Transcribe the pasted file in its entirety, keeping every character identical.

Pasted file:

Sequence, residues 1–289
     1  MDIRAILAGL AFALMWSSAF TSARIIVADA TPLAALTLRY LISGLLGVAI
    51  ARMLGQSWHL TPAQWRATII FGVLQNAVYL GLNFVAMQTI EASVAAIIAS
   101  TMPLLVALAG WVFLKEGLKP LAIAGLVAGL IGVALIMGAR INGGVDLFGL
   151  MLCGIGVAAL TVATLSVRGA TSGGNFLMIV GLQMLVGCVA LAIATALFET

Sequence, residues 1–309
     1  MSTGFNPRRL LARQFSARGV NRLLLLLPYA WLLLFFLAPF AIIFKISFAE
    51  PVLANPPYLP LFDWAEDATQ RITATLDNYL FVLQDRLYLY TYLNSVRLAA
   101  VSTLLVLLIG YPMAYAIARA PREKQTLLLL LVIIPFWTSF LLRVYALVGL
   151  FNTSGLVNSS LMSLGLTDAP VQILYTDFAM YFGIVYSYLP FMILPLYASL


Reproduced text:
Sequence, residues 1–289
     1  MDIRAILAGL AFALMWSSAF TSARIIVADA TPLAALTLRY LISGLLGVAI
    51  ARMLGQSWHL TPAQWRATII FGVLQNAVYL GLNFVAMQTI EASVAAIIAS
   101  TMPLLVALAG WVFLKEGLKP LAIAGLVAGL IGVALIMGAR INGGVDLFGL
   151  MLCGIGVAAL TVATLSVRGA TSGGNFLMIV GLQMLVGCVA LAIATALFET

Sequence, residues 1–309
     1  MSTGFNPRRL LARQFSARGV NRLLLLLPYA WLLLFFLAPF AIIFKISFAE
    51  PVLANPPYLP LFDWAEDATQ RITATLDNYL FVLQDRLYLY TYLNSVRLAA
   101  VSTLLVLLIG YPMAYAIARA PREKQTLLLL LVIIPFWTSF LLRVYALVGL
   151  FNTSGLVNSS LMSLGLTDAP VQILYTDFAM YFGIVYSYLP FMILPLYASL